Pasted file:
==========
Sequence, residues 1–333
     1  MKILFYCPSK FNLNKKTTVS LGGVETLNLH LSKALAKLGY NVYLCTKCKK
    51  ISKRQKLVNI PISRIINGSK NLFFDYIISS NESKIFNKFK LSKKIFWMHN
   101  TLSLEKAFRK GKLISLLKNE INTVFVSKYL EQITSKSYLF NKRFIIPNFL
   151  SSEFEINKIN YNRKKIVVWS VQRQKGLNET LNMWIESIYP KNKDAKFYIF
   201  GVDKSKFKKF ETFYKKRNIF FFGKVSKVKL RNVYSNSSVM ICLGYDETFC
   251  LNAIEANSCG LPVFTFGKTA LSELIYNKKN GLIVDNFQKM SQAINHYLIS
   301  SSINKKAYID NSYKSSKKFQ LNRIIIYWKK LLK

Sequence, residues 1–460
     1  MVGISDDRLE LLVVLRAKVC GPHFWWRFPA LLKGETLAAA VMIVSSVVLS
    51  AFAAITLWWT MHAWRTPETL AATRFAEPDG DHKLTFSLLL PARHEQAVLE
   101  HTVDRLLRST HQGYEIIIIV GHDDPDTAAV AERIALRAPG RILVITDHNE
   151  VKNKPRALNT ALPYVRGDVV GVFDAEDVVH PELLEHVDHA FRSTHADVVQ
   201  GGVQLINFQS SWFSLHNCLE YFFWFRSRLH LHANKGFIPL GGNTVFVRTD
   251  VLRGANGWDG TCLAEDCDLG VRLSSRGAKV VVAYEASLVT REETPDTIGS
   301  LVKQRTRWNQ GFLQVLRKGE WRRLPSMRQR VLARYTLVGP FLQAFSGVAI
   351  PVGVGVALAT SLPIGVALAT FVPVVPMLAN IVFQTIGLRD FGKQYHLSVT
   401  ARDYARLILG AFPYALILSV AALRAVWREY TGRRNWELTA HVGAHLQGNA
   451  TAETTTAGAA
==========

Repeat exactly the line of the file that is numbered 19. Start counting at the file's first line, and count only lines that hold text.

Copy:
   451  TAETTTAGAA